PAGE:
Behind the success of every billion-peso revenue of energy producers are support services such as hotel and F&B. Far East Hotel unveils the basics of operating a hospitality business for the energy sector.
What is the common thread that binds power producers and hospitality services? The immediate answer that would pop into every man’s mind is that power producers provide the energy required by hotels to operate their facilities. Correct. But that is not the answer that will get this article going.
In the battle of machine versus humans, it is always the creator and controller that wins. Same goes for the human aspect in energy services. For institutions like the 1,218-megawatt Team Sual Corporation in Sual, Pangasinan, the hospitality segment is a little asset with a big role in the value chain; it supports the people who make all things possible inside a powerhouse.
Meet Far East Hotel Management and Consultancy, Inc., one of the firms that operate in this lesser known world. Far East is the accommodation segment of the Tamayo’s Group of Companies.
In 2002, Sebastian “Steve” Tamayo was invited by its catering client, Sual, to propose in a bidding for a management company which would operate the power plant’s accommodation facility. Tamayo’s catering at that time was growing but he had no business segment that specializes in institutional hotel management.
He eventually built Far East, confident that his past stints as a hotelier in Heritage Hotel, Hyatt, Kuwait International Hotel, and Le Meridien Hotel – Kuwait and the catering brand he carried would be his edge. Both pluses reaped him Sual. Ten years later, Quezon Power Plant in Mauban, Quezon, Team Pagbilao Power Station in Pagbilao, Quezon, and Cal Energy Casecnan in Pantabangan, Nueva Ecija were added in his portfolio.
Like any developer-operator model, institutional hotels in power plants are already pre-built and oftentimes with pre-existing design, furniture, and facilities such as a pool and sauna. As management, Tamayo is in-charge with housekeeping, maintenance, F&B operations, landscaping, and minimal procurement.
The establishment’s operations are not entirely dissimilar with a regular business or leisure hotel. The difference only is that instead of walk-ins and strangers checking-in, Far East’s hotels exclusively cater to its principal’s employees, their family members, and company visitors. And this implies a lot of subsequent deviations from one’s regular hotel experience.
The complaints many long-staying people have with hotels—whether luxury or economy—is that breakfast is almost always purely the same the next day and the days after tomorrow. But in all fairness, hotels do not need to do an overhaul of its menu on a daily or weekly basis because guests normally and relatively stay for a short while.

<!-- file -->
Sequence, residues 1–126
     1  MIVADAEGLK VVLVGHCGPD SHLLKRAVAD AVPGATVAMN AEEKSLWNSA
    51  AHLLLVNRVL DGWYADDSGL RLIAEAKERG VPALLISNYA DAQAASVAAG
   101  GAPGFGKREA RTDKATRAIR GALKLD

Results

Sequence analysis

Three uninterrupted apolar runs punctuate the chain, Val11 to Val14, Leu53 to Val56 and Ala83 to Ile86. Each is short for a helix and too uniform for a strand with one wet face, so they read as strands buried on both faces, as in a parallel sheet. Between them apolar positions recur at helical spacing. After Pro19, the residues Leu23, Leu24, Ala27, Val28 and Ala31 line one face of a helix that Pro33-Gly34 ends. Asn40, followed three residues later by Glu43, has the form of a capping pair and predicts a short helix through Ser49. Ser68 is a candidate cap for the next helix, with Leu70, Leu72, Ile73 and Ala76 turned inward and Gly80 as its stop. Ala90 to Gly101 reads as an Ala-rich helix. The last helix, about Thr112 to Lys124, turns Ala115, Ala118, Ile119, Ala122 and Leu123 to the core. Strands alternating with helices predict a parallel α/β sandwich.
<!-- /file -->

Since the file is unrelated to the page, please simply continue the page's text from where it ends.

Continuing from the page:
This compared to Far East’s guests. Food is an institutional hotel’s topmost concern. Visitors and family members stay for days and weeks. Employees stay for years!
“I feed the same people. If you do not know how to plan your menu, people will grow tired of eating the same thing!” said Tamayo in Filipino. On top of the threat of growing distaste for eating the same food every day, the power plant scrutinizes the nutritional components of what employees eat.
The honcho’s solution is a mixture of layered planning and gimmicks. Tamayo said he proposes a plan divided into dishes that would be changed every week, month, and quarter of the year. He invites guest chefs to plan the menu. To add spice the dining experience, the hotel regularly organizes a barbeque night and other similar gimmicks.
Tamayo ensures the nutritional contents of each dish. His company has its own dietician for this area and places the nutritional facts near food labels.
Far East needs to do all of this within the budget provided by the power plant. All income comes from the institution, and housed employees and guests will not bring out a single cent to be “pampered”, said Tamayo.
Another implication of having such a market is a stricter assurance of good service delivery.
“A challenge is familiarization,” said Tamayo, referring to the about-1,000 hotel employees under the threat of growing lax because of their emerging relationships with power plant workers. “I always tell my people that although we serve the same people, they must not ever forget that we are a service provider to maintain quality service.”
But even power plant hotels have their lean and peak season. Normally, occupancy is strongest during weekdays when employees are inside the facility and visit families during the weekend. Occupancy rate picks up during vacation time such as Holy Week and even Christmas when families go to the power plant.
Although this seasonality doesn’t worry marketing—if there is such a department. The institution pays for all costs and there’s no apparent pressure from the developer for a concrete ROI. The ROI is in the overall energy production. As conventional human resource wisdom says, a happy employee is a good employee.
No special divide exists in the organizational setups between Far East and a non-institutional hospitality business. One still finds a general and resident manager and corresponding supervisors and staff in each property.
To ensure quality service, Tamayo said he is very keen on employee training in Far East. Currently, Tamayo is devising a refresher course for his housekeeping staff, wherein participants get to train in Manila’s top hotels for about five days per property.